struct SME_APP_T *pDestApp; /* The destination application.*/
    unsigned long nOrigin :8; /* */
    unsigned long nCategory :8; /* Category of this event. */
    unsigned long nDataFormat :8; /* Flag for this event. */
    unsigned long bIsConsumed :8; /* Is comsumed. */
typedef struct SME_APP_T
    const char * sAppName;
    struct SME_APP_T *pParent; /* Who starts me */
    struct SME_APP_T *pNext; /* Applications are linked together.*/
    unsigned long nPortId;
    void * pPortHandle;
    void * pData;
    const struct SME_STATE_TREE_TABLE_T *pStateTree;
    SME_STATE_T nAppState;
#define SME_APP_DATA(app) (app.pData)
#define SME_IS_ACTIVATED(app) (app->nAppState != SME_INVALID_STATE) 
typedef int (* SME_EVENT_HANDLER_T)(SME_APP_T *, SME_EVENT_T *); 
typedef struct SME_EVENT_TABLE_T {
    SME_EVENT_ID_T nEventID;
    SME_STATE_T nNewState;
typedef struct SME_STATE_TREE_TABLE_T{
    SME_EVENT_TABLE_T *pEventTable;
    SME_STATE_T nState;
    SME_STATE_T nParentState;
    SME_STATE_T nDefSubState;

State machine data construction

We could define a set of specific macros as state machine mapping data. These macros map to state enumerations, event handler function declarations, event handler table for a state, state tree definition and application variable definition.

  1. State enumeration
    #define SME_BEGIN_STATE_DECLARE(_app) \
    enum _app##_state_enum_t \
        #define SME_STATE_DECLARE(_state) _state, 
        #define SME_MAX_STATE(_app) _app##_max_state 
        #define SME_END_STATE_DECLARE };
  2. State event handler table definition
    #define SME_ENTRY_FUNC_IDX 0
    #define SME_EXIT_FUNC_IDX 1
    #define SME_BEGIN_STATE_DEF(_app,_state) \
    static const SME_EVENT_TABLE_T _app##_state##_event_hdl_tbl[] \
            #define SME_STATE_ENTRY_FUNC( _EntryFunc) \
            { SME_INVALID_EVENT_ID, _EntryFunc, 0},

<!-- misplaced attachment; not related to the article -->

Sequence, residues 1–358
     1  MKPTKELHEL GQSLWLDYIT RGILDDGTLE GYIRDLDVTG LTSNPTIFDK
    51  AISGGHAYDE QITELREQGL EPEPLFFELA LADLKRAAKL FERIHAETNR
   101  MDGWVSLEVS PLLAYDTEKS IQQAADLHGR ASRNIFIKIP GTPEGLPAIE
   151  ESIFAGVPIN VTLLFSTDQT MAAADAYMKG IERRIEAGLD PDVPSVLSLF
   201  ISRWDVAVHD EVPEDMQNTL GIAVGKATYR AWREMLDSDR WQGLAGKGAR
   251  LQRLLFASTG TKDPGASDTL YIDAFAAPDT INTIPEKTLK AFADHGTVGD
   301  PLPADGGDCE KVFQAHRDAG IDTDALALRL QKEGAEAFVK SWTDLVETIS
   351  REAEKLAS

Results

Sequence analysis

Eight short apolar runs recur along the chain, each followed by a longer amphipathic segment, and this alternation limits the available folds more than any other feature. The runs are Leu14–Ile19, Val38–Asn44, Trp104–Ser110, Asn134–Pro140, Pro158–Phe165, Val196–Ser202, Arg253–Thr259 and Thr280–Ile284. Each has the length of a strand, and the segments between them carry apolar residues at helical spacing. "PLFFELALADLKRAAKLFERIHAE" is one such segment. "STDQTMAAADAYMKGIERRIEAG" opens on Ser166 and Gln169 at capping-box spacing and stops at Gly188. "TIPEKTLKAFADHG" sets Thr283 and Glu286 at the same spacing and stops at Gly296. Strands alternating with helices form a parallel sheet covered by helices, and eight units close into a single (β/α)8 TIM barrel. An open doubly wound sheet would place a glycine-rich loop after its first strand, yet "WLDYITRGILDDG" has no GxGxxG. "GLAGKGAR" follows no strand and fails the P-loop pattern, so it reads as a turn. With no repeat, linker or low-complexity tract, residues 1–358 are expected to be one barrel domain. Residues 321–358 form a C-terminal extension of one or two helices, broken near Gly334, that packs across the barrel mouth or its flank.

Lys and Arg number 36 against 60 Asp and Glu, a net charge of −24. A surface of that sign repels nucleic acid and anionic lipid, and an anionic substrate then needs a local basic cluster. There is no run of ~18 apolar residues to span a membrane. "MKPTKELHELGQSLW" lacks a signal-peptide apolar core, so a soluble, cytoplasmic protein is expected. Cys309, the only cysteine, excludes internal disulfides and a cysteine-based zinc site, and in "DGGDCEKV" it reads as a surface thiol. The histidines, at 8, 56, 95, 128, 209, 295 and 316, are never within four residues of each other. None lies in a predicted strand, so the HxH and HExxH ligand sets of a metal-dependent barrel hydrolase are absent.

#define SME_STATE_EXIT_FUNC( _ExitFunc) \
            { SME_INVALID_EVENT_ID, _ExitFunc, 0}, 
            #define SME_ON_EVENT(_EventID, _Handler, _NewState) \
            { _EventID, _Handler, _NewState}, 
            #define SME_END_STATE_DEF 
  3. State tree definition
    #define SME_BEGIN_STATE_TREE_DEF(_app) \
    extern const SME_STATE_TREE_TABLE_T _app##_state_tree[] = \
        #define SME_STATE(_app,_state,_state_parent,_def_substate) \
        {(SME_EVENT_TABLE_T *)_app##_state##_event_hdl_tbl, 
        #define SME_END_STATE_TREE_DEF 
  4. Application definition
    #define SME_APPLICATION_DEF(_app,_app_name) \
    struct SME_APP_T _app##App = { \
        _app_name, NULL, NULL, 0, NULL, NULL, _app##_state_tree, 
    /* Get application variable name. */
    #define SME_GET_APP_VAR(_app) _app##App 
    /* Declare application variable that has external linkage. */
    #define SME_DEC_EXT_APP_VAR(_app) extern SME_APP_T _app##App;

Event dispatch

* DESCRIPTION: Dispatch the incoming event to an 
* application if it is specified, otherwise
* dispatch to all active applications untile it is consumed. 
* 1) pEvent: Incoming event 
* 2) pApp: The destination application that event will be dispatched.
* OUTPUT: None.
* NOTE: 
* 1) Call exit functions in old state 
* 2) Call event handler functions 
* 3) Call entry functions in new state 
* 4) Transit from one state region to another state region. All states 
* exit functions that jump out the old region will be called. And all 
* states exit functions that jump in the new region will be called.
* 5) Although there is a property pEvent->pDestApp in SME_EVENT_T, this 
* function will ignore this one, because if pEvent->pDestApp is NULL, 
* this event have to dispatch to all active applications.